Neil Mawdsley Artist Profile OK.. so I'm quite old now...but I didn't used to be! The odd thing is, I like loads of stuff youngsters like ie pop concerts, techno stuff.. In Sept 2015 I was lucky enough to see the Banksy Dismaland exhibition in Weston -Super- Mare. It was raw, thought provoking, cutting edge art at its best. Perhaps I have some of this angry artist in me, coming out over the years in more thought provoking work. Yet most of my paintings are traditional, searching for beauty, majesty and a positive feeling to life. Early Days I was born in Oldham, Lancashire at the end of the Second- World- War. We lived in a small gloomy end terraced house in the shadow of a large cotton mill (Marsland Mill). Outside my front door were cobbled stones and every morning the mill hooter would boom out, the clackaty-clack of the 40,000 spindles would start up , and the sound of clogs echo everywhere, as droves of people, threaded past my bedroom window, to start another days work. We would often leave our front door unlocked and nothing was ever stolen. Later, as the cotton industry declined, the mills became derelict.The empty streets were full of children playing. My mother worked in a cotton mill for a while, and my father was a foundry foreman, patternmaker and engineer for Platt Bros., a large textile engineering firm, but he later worked in aircraft engineering at Avro’s. His hobby was pyrotechnics and I used to help him make his home made fireworks in the kitchen, mixing up concoctions for stars, bangers, pin-wheels and rockets so that on bonfire night all the neighbours would see a wonderful display. I had loads of cousins, aunt's, uncles, all living within a ten minute walk. To entertain ourselves as children we used to 'play out' from dawn till dusk. It was rather a safer place than it is now as everybody knew each other and hardly any cars. I was a shy child, I struggled with asthma and disliked school apart from the sport. I played for Werneth Cricket Clubs’ Second Eleven for a time as a teenager. My Secondary Modern Headteacher was sacked for fiddling exam results, but I still managed to transfer to a Grammar School sixth form to pass my A levels. I trained as a schoolteacher at St Martins College, Lancaster, which was new then, created by the brilliant Educationalist Huw Pollard. Later on our family moved to Plymouth, Devon around 35 years ago after teaching in Lancaster and Morecambe where I worked in the classroom next to Jim Bowen of ‘Bullseye’ fame who helped me write a teaching CV once. He was always good for a laugh or a night out. In 1997 The Sunday Independent newspaper placed me as 'one of the six leading painters in Plymouth', not my words but you know what papers are like. Plymouth has in fact many, many artists, and still seems to attract them, although you wouldn't think so, the city seems to sideline the local arts, perhaps this is now changing. I do now have a deeper confidence in my own artwork. I have never pushed my image forward. I have kept my work to local galleries. I value my family and the balance of time we all need with each other to survive this present hectic world. I work via commissions mainly now with the odd exhibition. (Presenting a painting to BBC Spotlight Presenter Carole Madge in 2014 at the College of Further Education)) I have always enjoyed painting and drawing. I think I turned to it more when my school-teaching became more stressful. For a while I was involved with St Budeaux Parish Church, producing their magazine and much more. It was good to meet such genuine people and even started up a Devon-wide ‘Christian ArtSpaces’ group with performances and exhibitions. I learned much from local Plymouth art groups as well and the tutors. Also an artist friend Ray Schofield in Morecambe. I was chairman of Plymouth Arts Club for a while in the nineties. I like to paint landscapes and seascapes and find the areas around Plymouth and North Cornwall inspirational. That said, I experiment endlessly with many types of media and techniques. After many years of experimentation my paintings are now more in demand but my output is slower and my style has changed. I paint more in mixed media, especially acrylics which I find matches more accurately my way of thinking. At the moment I like to work with a palette knife on canvas. I still love watercolour painting, but struggle with the mindset of logical progression which is often essential. As an artist I have often tried to create eye catching beauty as this is what often sells, but at times I have also been moved to paint deeper subjects that have a social or environmental message. These paintings come under the heading of Issues or my Diary. Art should sometimes be more than just decorative. In Jan 2013 I was a winner of an art competion for showing work in Debenhams, Plymouth and in May selected for the Civic Centre Council House Plymouth Professional Artists exhibition. In June I was part of a group of artists creating brass plaques for the sculpture on Saltash Waterfront. Also in 2019 I exhibited work at Karensa Gallery, Padstow. I now exhibit with ‘Drawn To The Valley’ group of artists, also various galleries and of course the paintings on this website. See my gallery page After teaching watercolours for many years at various local colleges and privately, I decided to retire from teaching completely to concentrate on my painting. My last two classes are still running well, with leadership from within the groups at the Ashtorre Centre, Saltash and at St Budeaux Library. Likewise my demonstrations to South-West art groups has also finished as I concentrate on my own work. I am now developing step-by-step watercolour worksheets for the Internet on Etsy. Some years ago I became interested in shipwrecks and created an illustrated poster: Shipwrecks of Plymouth Sound. Shipwrecks around Looe and Polperro was my second poster and took me over two years to complete, with loads of research involved. I could rattle on for longer, but you have probably had enough by now. 2020 has been a crazy year with the worldwide pandemic. I have been working on ‘Lockdown Paintings’ of this dark time. We all hope for better days to come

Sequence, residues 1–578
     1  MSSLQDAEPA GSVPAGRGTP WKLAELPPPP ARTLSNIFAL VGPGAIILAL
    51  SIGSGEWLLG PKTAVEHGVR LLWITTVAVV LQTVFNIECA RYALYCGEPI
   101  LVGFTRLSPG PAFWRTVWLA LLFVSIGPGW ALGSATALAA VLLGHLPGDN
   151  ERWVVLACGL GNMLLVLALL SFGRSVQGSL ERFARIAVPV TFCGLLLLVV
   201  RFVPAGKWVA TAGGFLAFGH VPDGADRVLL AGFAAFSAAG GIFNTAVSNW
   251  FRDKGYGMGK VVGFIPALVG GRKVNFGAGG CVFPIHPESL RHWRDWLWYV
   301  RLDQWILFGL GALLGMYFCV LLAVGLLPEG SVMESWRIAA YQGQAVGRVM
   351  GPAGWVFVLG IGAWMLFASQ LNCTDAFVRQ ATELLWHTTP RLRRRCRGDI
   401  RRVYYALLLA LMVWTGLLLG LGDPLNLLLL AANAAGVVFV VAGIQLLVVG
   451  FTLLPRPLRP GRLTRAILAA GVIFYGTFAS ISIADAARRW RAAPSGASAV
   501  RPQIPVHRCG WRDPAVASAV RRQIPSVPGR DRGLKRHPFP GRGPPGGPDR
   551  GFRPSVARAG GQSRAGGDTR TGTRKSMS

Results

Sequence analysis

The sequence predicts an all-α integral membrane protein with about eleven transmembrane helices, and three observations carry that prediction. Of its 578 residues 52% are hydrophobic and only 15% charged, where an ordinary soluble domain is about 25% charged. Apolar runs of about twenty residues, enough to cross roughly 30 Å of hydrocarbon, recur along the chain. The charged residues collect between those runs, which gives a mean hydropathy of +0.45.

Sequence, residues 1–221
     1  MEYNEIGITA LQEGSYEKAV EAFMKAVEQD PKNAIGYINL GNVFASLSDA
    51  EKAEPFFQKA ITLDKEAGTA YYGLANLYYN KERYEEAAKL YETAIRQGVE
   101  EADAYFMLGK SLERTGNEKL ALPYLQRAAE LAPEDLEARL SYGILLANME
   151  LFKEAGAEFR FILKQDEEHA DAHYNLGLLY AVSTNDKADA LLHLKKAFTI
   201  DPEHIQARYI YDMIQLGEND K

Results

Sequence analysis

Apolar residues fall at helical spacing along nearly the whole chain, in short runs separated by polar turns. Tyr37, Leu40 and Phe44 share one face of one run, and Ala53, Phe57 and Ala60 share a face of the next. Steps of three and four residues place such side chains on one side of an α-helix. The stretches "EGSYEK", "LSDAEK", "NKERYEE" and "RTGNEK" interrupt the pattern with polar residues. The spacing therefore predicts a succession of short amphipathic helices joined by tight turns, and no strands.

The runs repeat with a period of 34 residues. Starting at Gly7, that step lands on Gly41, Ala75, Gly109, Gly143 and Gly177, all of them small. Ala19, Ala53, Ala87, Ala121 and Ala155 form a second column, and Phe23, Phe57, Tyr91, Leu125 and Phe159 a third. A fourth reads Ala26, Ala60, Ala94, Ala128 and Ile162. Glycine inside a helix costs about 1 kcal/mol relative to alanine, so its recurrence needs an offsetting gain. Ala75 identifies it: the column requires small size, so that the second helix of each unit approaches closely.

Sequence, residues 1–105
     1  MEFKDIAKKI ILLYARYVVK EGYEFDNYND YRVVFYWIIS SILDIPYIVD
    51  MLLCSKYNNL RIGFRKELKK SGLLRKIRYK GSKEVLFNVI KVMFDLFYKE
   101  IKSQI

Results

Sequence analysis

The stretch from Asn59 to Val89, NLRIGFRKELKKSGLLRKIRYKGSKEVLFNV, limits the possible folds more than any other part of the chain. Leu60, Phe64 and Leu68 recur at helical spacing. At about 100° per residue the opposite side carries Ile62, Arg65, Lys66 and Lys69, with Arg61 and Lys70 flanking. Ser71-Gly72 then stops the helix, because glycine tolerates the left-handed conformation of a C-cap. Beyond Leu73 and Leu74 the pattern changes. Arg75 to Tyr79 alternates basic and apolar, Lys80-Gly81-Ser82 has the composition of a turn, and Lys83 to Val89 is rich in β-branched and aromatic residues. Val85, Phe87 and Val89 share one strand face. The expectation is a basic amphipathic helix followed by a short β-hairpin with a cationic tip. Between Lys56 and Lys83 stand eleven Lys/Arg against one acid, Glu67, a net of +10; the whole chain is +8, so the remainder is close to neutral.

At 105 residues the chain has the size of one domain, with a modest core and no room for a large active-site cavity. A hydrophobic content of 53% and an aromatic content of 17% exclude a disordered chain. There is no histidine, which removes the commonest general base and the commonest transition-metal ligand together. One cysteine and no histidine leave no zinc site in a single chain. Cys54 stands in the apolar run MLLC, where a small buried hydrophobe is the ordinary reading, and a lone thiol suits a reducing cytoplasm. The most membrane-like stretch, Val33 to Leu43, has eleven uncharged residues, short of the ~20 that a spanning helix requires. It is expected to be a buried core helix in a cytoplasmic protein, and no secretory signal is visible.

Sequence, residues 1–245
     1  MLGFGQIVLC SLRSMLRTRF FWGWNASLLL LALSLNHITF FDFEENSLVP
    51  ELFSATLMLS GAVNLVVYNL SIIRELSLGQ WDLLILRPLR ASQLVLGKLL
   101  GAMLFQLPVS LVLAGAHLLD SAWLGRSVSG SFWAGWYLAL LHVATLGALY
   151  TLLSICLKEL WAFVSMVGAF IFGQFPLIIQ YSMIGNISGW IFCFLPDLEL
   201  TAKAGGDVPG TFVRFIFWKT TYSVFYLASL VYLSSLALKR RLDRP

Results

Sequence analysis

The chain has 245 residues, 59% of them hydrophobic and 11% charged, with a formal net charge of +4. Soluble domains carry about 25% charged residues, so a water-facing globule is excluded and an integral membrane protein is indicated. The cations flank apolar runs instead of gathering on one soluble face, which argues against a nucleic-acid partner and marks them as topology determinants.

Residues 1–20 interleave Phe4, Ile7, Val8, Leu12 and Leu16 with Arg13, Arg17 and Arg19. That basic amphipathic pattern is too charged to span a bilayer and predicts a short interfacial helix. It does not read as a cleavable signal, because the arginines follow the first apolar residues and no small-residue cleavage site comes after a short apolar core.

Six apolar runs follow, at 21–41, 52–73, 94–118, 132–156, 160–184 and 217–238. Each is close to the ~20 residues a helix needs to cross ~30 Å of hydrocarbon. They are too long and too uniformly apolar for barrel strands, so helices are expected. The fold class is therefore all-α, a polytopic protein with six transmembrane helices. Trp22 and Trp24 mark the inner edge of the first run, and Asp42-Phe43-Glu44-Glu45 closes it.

Soot picture 10yrs.
Poster paint on sugar paper Prysten House Pastel by Neil Mawdsley